Spoof E-Mail Claims to Come from FDIC
Numerous consumers have reported to the "Federal Deposit Insurance Corporation" (FDIC) about the e-mails that they have received and appear to come from FDIC. The "From" section of the mail writes the name "Federal Deposit Insurance Corporation" & the subject of the e-mail says "Important: Notification from Federal Deposit Ins. Corporation".
The message body of the e-mail says that the FDIC received an application from the recipient's bank to make sure that his/ her checking or savings account is protected against fraud, phishing or identity theft. The mail further says that if the recipient agrees, then he/ she should enroll in the FDIC protection system.
The e-mail is actually an absolute fraud and was never sent by FDIC. It is an effort to gather personal financial information of consumers. The e-mail lures the recipient to click on a link provided in it, which takes the recipient to a fake web page.
The e-mail scam apparently has the form of a text e-mail with a link, but is actually written in HTML format, which camouflage the link and lead to a forged FDIC website.
Further, the link is coded to a hoax URL, which takes advantage of the vulnerability of the genuine site address of FDIC. The site, instead of being located at http://www.fdic.gov, is actually at http://126.96.36.199.
According to Michael Benardo, manager of FDIC's financial crimes division, identity thieves are too good to pretend to be legitimate business or government officials, so they try to influence consumers to share their private monetary information.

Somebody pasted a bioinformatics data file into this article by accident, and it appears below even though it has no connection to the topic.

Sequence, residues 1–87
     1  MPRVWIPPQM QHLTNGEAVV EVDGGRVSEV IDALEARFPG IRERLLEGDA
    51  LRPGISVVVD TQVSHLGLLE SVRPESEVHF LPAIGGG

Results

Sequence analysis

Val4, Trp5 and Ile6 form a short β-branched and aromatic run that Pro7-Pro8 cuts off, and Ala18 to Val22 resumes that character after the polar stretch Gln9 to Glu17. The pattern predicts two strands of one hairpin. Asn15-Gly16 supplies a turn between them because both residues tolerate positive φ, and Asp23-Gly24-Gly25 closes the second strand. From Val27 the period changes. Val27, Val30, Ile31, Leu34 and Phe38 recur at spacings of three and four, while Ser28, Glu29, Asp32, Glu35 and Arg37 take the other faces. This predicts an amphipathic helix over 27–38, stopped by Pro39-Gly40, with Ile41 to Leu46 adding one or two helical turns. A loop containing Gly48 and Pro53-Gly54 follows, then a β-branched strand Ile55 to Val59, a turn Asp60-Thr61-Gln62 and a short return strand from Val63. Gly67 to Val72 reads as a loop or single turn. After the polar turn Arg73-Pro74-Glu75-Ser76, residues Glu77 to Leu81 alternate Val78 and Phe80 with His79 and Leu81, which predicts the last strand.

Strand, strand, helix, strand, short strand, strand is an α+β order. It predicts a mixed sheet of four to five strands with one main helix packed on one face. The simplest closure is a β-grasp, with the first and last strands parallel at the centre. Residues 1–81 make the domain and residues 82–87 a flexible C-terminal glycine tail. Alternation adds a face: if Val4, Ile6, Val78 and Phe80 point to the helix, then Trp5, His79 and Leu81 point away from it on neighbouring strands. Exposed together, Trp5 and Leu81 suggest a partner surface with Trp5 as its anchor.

Individual online users are advised to deal with only secure websites while handling money transactions. A secured site can be identified by the padlock symbol in the bottom right corner of the web browser. Clicking on the padlock gives security details. Financial organizations and consumers are advised not to click on the link provided in the e-mail and they should not provide any personal information via this media.
The FDIC is making efforts to identify the source of the e-mails and location of the website to break the transmission. Until then, consumers may report about such e-mails at 'email@example.com'.
Related article: Spam Scam Bags a Scottish Connection
» SPAMfighter News - 04-10-2006
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